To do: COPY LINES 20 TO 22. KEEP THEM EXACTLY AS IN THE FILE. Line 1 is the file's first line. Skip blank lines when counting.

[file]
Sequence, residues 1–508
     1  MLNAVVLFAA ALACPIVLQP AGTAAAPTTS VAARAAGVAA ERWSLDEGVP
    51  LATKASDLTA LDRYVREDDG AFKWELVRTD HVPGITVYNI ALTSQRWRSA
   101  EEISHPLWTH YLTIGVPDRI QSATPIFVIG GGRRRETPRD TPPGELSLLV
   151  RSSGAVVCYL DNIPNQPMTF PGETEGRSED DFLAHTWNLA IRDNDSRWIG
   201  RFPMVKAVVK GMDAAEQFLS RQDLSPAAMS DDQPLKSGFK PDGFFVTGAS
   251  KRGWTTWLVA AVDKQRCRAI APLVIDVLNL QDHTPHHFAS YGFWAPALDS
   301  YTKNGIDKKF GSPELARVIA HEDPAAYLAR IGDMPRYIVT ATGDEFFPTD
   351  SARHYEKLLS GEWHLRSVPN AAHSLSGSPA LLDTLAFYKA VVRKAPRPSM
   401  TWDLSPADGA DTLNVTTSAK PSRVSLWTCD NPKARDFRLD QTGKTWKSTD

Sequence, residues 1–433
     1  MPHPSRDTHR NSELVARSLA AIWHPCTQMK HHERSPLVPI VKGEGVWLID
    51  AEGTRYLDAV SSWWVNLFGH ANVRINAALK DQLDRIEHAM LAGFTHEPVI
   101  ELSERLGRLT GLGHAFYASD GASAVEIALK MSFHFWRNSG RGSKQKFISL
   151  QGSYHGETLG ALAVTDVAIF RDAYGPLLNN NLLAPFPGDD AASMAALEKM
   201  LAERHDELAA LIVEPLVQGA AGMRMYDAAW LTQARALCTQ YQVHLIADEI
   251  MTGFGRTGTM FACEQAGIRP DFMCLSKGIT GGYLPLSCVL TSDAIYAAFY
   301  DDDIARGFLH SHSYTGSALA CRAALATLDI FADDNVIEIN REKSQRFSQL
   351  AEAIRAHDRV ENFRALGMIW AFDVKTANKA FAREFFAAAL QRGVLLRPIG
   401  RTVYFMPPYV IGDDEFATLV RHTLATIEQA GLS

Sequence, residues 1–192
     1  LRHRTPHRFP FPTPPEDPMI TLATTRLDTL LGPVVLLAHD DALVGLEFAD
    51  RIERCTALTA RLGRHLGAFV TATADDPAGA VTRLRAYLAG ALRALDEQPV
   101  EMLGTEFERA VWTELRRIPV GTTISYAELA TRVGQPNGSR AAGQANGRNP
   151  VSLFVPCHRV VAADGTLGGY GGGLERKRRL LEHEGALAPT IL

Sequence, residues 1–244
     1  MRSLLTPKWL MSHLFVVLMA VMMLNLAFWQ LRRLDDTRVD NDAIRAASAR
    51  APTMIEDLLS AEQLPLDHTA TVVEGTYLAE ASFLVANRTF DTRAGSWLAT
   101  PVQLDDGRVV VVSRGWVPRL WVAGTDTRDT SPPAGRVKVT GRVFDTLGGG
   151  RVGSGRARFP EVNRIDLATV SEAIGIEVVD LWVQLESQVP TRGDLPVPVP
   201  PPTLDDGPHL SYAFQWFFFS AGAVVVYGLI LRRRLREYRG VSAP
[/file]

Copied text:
   401  RTVYFMPPYV IGDDEFATLV RHTLATIEQA GLS

Sequence, residues 1–192
     1  LRHRTPHRFP FPTPPEDPMI TLATTRLDTL LGPVVLLAHD DALVGLEFAD